Ecuador's Tungurahua volcano erupted early Sunday morning, sending a large plume of gas, stones and ash nearly 45,000 feet into the sky. The plume was visible more than 90 miles northeast, in Ecuador's capital city of Quito.
More than 200 residents were evacuated from the Cusua, Chacauco, and Juive areas. While heavy rains and minor flooding made some of the evacuations difficult, there were no injuries in the 6:47a.m. eruption, local media reported. Authorities declared an "orange alert," the second highest warning level.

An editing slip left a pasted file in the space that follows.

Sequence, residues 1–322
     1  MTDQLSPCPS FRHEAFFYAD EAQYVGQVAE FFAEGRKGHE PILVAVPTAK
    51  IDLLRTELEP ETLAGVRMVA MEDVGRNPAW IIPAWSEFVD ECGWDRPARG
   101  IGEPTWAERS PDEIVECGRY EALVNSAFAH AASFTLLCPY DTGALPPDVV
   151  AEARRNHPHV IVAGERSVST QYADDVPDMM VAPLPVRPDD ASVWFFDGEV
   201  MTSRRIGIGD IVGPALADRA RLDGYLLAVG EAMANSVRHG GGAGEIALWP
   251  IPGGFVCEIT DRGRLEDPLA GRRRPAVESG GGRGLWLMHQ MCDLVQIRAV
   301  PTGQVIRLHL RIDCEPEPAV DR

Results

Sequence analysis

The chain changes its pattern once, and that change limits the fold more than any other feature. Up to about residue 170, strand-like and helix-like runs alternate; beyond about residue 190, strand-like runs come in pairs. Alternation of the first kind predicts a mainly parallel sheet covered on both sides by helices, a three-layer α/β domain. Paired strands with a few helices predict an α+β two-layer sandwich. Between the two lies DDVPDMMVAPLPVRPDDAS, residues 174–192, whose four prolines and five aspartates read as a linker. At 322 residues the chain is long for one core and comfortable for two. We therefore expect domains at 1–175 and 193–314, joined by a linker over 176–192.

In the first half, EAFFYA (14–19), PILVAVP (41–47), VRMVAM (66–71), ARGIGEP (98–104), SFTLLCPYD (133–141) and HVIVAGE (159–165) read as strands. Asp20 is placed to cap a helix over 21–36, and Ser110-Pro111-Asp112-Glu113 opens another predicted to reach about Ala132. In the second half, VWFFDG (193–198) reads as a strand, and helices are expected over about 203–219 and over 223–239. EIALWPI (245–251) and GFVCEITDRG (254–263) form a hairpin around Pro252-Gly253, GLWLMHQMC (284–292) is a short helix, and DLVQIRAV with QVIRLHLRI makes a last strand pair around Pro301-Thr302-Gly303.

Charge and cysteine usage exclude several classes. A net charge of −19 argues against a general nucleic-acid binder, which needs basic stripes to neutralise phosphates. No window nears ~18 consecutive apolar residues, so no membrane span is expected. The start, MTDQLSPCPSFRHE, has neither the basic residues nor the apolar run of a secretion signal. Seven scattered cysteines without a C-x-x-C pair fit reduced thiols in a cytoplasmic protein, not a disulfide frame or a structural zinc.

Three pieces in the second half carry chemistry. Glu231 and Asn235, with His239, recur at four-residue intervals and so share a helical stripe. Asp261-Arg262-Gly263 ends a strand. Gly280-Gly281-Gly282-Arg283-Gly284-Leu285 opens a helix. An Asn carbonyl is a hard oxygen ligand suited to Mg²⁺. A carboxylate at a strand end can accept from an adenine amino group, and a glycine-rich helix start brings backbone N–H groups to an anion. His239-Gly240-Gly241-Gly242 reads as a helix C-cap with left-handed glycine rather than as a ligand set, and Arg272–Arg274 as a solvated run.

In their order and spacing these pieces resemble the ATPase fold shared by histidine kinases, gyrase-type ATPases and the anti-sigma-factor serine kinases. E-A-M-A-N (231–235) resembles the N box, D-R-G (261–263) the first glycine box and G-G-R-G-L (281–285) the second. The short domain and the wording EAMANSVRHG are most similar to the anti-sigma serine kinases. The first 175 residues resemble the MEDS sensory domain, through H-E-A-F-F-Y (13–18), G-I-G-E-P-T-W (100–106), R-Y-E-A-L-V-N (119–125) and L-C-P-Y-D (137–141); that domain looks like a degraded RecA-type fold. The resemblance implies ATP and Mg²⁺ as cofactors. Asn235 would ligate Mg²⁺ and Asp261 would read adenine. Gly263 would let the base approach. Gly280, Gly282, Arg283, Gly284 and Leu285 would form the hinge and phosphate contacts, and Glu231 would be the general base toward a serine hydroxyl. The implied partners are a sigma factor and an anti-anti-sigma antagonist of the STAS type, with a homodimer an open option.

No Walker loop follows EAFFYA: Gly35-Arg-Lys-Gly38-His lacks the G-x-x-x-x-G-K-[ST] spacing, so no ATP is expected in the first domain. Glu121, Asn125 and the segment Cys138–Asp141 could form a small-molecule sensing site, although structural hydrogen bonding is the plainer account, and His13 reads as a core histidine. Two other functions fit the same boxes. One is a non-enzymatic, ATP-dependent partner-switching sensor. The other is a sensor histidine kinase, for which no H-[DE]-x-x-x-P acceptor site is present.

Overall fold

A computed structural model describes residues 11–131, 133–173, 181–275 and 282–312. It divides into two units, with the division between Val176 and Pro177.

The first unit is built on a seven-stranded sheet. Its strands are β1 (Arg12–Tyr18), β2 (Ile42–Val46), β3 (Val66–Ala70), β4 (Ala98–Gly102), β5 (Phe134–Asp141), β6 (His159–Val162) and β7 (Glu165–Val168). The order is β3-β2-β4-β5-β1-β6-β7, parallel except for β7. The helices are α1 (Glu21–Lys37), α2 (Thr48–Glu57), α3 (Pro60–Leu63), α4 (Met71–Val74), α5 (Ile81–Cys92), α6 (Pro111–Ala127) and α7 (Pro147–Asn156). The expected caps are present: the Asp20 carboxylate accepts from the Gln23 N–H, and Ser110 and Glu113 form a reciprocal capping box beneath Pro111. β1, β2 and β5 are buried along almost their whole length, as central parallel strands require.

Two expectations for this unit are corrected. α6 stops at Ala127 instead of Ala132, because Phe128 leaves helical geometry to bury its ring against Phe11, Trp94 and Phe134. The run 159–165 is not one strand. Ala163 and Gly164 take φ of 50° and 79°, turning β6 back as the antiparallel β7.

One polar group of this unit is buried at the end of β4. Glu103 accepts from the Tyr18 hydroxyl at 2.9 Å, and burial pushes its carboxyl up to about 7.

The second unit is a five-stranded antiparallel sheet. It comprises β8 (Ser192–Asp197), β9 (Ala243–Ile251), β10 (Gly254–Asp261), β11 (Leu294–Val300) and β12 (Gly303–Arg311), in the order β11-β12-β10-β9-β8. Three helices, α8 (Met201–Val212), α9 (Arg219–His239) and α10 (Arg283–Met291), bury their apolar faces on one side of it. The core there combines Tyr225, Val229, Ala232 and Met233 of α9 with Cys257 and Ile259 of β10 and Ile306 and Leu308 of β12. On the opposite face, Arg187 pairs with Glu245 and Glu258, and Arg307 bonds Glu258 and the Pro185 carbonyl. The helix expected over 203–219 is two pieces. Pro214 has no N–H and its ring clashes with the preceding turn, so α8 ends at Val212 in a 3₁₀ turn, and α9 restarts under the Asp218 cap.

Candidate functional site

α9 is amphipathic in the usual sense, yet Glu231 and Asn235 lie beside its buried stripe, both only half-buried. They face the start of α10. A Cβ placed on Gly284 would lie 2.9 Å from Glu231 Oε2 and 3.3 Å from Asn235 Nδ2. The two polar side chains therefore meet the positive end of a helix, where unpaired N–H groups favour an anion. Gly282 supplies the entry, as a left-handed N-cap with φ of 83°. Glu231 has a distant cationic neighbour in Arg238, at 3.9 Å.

The eruption was not a complete surprise, reports VolcanoDiscovery.com, because researchers had measured elevated seismic activity in the area over the past few weeks. But the power of the explosive eruption was greater than anticipated.
Translated from the indigenous language Quecha, Tungurahua means "throat of fire." The volcano is located in the province by the same name, part of the stretch of the Andes that runs through the center of Ecuador. It is part of Sangay National Park, near the popular tourist town of Banos del Ambato.
The Tungurahua volcano has been active since August 19, 1999, following more than 80 years of dormancy.